Tarxien Temples

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Four temples on one site

The Tarxien Temples site is a complex of four megalithic structures built between 3600 and 2500 BC by the mysterious creed known as the ‘Temple Builders’. The Tarxien temples are witness to the temple builders’ most sophisticated forms of art, architecture and sculpture. The temples were likely to have been an important hub of economic, political and religious life, though the site itself was re-purposed during the Bronze Age as a cremation cemetery.

The location is currently undergoing extensive restoration, which will include a visitor centre, new walkway and a protective shelter over the temples, to better preserve them.

The Tarxien site is so complex a matrix of narrow passages and megalithic structures, that a visit inspires a new respect for what could be accomplished over 5000 years ago.

The four temples are rich in megalithic art, constructed as they are from stone blocks adorned with relief-work in spiral patterns, as well as the depiction of goats, bulls, pigs and a ram. The significance of the spirals remains ‘occult’ in the strictest sense, though archaeologists believe that the animals depicted may have been sacrificial offerings.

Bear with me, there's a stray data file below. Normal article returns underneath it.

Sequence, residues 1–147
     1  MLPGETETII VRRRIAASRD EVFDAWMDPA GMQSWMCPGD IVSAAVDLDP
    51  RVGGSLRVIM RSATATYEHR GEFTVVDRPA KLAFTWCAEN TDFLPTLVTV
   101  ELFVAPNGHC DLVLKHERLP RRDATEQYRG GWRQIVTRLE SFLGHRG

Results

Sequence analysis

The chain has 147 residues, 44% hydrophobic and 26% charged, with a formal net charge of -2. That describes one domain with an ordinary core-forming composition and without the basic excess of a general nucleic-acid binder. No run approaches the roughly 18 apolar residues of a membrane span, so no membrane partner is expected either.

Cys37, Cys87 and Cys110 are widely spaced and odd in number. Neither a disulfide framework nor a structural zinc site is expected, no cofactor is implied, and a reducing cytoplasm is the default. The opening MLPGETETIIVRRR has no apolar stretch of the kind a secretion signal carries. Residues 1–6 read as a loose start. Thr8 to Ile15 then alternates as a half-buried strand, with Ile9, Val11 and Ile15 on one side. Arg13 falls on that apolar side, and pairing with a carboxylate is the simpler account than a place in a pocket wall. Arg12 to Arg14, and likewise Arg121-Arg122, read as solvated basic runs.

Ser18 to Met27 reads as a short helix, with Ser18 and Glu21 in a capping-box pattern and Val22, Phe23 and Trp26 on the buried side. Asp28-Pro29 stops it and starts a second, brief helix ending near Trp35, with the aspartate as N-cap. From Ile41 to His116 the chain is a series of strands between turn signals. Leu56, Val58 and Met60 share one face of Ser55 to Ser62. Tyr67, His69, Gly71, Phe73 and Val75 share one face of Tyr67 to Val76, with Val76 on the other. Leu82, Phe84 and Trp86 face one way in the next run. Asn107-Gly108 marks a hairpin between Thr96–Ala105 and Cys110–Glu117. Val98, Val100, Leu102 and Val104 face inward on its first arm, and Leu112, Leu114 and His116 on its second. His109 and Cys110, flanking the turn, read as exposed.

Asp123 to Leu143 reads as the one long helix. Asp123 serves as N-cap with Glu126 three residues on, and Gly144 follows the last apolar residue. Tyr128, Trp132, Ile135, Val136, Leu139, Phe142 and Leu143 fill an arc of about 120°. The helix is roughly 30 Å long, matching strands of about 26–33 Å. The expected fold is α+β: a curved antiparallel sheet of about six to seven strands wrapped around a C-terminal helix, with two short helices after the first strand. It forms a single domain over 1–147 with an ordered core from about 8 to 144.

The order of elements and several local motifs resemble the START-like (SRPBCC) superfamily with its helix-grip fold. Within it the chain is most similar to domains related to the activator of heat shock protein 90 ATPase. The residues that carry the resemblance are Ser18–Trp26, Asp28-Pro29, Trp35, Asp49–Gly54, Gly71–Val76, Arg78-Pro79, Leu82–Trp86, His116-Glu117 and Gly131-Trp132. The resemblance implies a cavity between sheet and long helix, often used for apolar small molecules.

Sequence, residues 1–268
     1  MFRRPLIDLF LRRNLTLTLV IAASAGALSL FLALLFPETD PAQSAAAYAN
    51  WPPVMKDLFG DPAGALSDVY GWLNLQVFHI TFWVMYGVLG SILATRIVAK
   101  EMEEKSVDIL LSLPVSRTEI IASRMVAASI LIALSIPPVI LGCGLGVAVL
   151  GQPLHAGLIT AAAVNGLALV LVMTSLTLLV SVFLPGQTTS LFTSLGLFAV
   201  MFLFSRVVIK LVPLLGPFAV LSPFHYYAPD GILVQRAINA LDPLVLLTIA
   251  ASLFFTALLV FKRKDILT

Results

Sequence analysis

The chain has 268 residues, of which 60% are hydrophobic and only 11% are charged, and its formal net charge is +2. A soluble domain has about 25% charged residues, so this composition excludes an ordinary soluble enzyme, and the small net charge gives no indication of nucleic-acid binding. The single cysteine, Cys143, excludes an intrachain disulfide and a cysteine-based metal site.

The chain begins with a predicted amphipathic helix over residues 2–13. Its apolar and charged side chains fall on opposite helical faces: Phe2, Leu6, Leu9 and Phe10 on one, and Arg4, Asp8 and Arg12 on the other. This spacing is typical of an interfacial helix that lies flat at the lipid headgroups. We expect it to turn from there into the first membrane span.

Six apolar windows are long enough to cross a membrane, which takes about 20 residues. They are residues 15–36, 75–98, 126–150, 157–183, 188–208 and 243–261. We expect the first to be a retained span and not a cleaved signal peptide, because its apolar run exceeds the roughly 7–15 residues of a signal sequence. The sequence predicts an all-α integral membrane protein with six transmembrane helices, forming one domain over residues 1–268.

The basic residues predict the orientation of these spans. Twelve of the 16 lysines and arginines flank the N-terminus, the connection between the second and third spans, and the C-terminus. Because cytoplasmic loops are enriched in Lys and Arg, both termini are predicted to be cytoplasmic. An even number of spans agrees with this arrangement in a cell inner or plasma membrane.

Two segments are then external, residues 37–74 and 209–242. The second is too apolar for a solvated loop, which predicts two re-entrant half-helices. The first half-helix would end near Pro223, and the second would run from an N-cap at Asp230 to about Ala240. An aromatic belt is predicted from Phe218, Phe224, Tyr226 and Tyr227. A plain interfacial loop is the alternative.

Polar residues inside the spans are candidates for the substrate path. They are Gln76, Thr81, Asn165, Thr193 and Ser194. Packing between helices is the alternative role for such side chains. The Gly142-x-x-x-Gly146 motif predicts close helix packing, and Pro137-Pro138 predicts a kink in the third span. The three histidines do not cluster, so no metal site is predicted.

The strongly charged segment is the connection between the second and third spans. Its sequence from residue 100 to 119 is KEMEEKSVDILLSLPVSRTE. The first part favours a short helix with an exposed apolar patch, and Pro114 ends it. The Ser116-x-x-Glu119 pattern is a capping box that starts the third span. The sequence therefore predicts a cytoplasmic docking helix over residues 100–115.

Don’t miss

  • The replica of the decorated Tarxien altar in the location of the original (which is now on exhibit in the National Museum of Archaeology in Valletta).
  • The relief-depictions of animals and spiral motifs.

Insider’s Tips

The fascinating mysteries of the Tarxien site and those who built it are hard to decipher just by wandering around; a guided tour is particularly recommended for this location.


Neolithic Temples Street, Tarxien, Malta.

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Public transport

  • Bus 81, 82, 84 from Valletta Terminus.
  • Stop in front of Paola Parish Church and follow the signs. Tarxien temples are only a 5 minutes walk away.

Opening hours

  • Mon - Sun from 9am to 5pm. Last admission at 4.30pm.
  • Closed on 24, 25 & 31 Dec, 1 Jan, Good Friday.


  • €6 adults, €4.50 concessions, €3 children.


+356 21695578






The Megalithic Temples: traces of a lost civilisation

Maltese archaeologist Reuben Grima explains why Malta’s megalithic temples can be considered unique architectural masterpieces.

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